3D rendering FAQ (Frequently Asked Questions) illustration

Frequently Asked Questions


It is the responsibility of the client to contact their insurance company to verify services covered under their individual plans.  However, I will assist with authorizations for services from your insurance company as an out-of-network provider, if possible.  Generally, most insurance companies are lenient with authorizations to ensure services.  Please do not hesitate to send me an email, text or call if I may be of further assistance in this matter.


Assurance Counseling, LLC has a biller that will process payments to ensure payment from your insurance company. It is the responsibility of the client to pay if their insurance has lapsed; and, you desire to continue services.

Again, if you are not sure if behavioral health is a part of your plan, please contact your insurance company directly and inquire regarding any concerns.  Information to provide to your insurance company, business name:  Assurance Counseling, LLC or Latresa Williams are listed in your network.  Your insurance company will also inform you of your co-pay responsibilities; if any. co-pay amounts will vary from company to company based on chosen plan, you will be responsible for co-pays at each visit.   

When speaking with a representative, important questions to ask:   Your insurance card has the number located on the back of your card, to determine if your insurance offers coverage for behavioral or mental health services.  After contacting your insurance carrier, confirm your coverage carefully; and, make sure you understand their answers.  Common questions to ask your insurance company:

  • How many therapy sessions does my plan cover annually?
  • How much does my insurance pay for out-of-network provider?
  • Does my insurance allow services with out-of-network providers?
  • Does my insurance have a co-pay?
  • Is approval required from my primary care physician for behavioral health services? 
  • What is the process for EAP payments?


There are several benefits available from participating in therapy. Therapy can provide support, problem-solving skills and enhance coping strategies for issues such as depression, anxiety, relationship troubles, unresolved childhood issues, grief, stress management, body image issues and creative blocks. Many clients find that therapy may be a tremendous asset to managing personal growth, interpersonal relationships, family concerns, marriage issues, and the hassles of daily life. The goal in therapy is to provide a fresh perspective on a difficult problem while pointing clients in the direction of a solution by utilizing the best mode of therapy. There are many benefits from therapy; however, that depends on how clients are committed to the process. Most clients that put into practice the tools learned during therapy will experience lasting change.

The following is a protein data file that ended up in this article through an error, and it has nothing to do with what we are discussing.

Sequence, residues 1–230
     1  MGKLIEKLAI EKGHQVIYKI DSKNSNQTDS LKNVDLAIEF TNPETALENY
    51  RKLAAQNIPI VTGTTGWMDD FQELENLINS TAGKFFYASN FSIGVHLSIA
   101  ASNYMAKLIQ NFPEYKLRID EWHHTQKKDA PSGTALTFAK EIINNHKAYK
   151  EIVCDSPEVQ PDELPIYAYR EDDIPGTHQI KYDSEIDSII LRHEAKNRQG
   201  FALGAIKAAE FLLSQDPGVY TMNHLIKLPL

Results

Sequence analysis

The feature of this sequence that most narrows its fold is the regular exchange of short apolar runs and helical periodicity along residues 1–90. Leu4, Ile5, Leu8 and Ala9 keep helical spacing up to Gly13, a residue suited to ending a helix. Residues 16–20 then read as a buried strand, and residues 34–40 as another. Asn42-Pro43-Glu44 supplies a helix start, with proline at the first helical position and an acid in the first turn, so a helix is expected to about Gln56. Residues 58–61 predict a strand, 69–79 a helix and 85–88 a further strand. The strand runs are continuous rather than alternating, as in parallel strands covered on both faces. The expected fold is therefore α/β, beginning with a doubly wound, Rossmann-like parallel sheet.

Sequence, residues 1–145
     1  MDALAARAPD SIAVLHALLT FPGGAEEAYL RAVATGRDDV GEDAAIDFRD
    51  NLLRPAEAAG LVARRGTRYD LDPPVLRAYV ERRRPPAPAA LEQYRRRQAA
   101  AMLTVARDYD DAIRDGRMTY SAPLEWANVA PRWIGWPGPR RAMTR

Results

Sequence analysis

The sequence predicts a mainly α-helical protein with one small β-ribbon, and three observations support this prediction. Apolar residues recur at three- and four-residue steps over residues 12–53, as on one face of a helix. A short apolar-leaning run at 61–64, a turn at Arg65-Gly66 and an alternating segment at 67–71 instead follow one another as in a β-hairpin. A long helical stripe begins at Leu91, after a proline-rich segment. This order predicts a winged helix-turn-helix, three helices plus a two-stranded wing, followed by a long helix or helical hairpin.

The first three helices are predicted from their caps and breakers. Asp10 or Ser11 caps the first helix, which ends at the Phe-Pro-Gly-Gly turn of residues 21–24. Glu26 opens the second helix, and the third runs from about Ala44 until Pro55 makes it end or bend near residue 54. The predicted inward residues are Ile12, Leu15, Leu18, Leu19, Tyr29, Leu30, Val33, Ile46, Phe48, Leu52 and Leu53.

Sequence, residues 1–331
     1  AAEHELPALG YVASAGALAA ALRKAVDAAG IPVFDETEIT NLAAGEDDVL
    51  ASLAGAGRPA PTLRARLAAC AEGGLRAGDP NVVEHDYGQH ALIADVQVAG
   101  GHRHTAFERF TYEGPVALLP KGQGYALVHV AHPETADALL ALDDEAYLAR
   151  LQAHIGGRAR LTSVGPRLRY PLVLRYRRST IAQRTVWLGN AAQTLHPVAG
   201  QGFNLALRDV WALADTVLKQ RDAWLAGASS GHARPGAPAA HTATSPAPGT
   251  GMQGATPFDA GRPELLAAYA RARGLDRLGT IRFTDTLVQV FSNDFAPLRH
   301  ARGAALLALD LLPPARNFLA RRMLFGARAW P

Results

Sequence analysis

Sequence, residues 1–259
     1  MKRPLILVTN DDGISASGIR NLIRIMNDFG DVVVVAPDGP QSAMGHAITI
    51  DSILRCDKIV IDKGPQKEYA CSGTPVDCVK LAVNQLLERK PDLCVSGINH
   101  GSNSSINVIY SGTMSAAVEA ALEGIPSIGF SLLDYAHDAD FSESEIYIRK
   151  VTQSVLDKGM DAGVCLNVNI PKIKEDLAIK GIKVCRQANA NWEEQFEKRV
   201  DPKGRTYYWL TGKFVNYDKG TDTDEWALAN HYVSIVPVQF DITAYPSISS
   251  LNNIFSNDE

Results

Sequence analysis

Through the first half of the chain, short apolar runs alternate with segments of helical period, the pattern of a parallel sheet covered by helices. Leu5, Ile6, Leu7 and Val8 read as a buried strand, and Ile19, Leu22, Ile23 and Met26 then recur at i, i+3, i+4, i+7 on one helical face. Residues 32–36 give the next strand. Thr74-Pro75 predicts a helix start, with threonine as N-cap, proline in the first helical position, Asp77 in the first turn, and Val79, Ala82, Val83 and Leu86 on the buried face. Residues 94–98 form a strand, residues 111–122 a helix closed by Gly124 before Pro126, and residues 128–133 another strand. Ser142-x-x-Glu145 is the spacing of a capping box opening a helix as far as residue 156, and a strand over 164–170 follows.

Some of the benefits available from therapy include:

  • Working with individuals, groups, and communities to improve mental health
  • Encourage clients to discuss emotions and experiences
  • Examine issues including substance abuse, aging, bullying, anger management, careers, depression, relationships, LGBTQA issues, self-image, stress, and suicide
  • Working with families
  • Help clients define goals, plan of action and gain insight
  • Develop therapeutic processes
  • Take a holistic (mind and body) approach to mental health care
  • Attaining a better understanding of yourself, your goals and values
  • Developing skills for improving your relationships
  • Finding resolution to the issues or concerns that led you to seek therapy
  • Learning new ways to cope with stress and anxiety
  • Managing anger, grief, depression, and other emotional pressures
  • Improving communications and listening skills
  • Changing old behavior patterns and developing new ones
  • Discovering new ways to solve problems in your family or marriage
  • Improving your self-esteem and boosting self-confidence


Everyone at some point in life goes through challenging situations in life, the question is how you will face the next challenge. Perhaps, you may have successfully navigated through other difficulties you have faced in the past. However, if the same issues continue to resurface again and again, you may be stuck. (i.e. often going from job to job, bad relationship after bad relationship, not getting 8 hours of sleep, panic attacks for years, afraid to speak up, problems overcoming the loss of a loved one); to name a few; the question becomes why? There is nothing wrong with seeking a mediator or additional support when we are stuck in life’s transition. Albert Einstein said: “Insanity is doing the same thing over and over again and expecting a different result;” that sounds insane.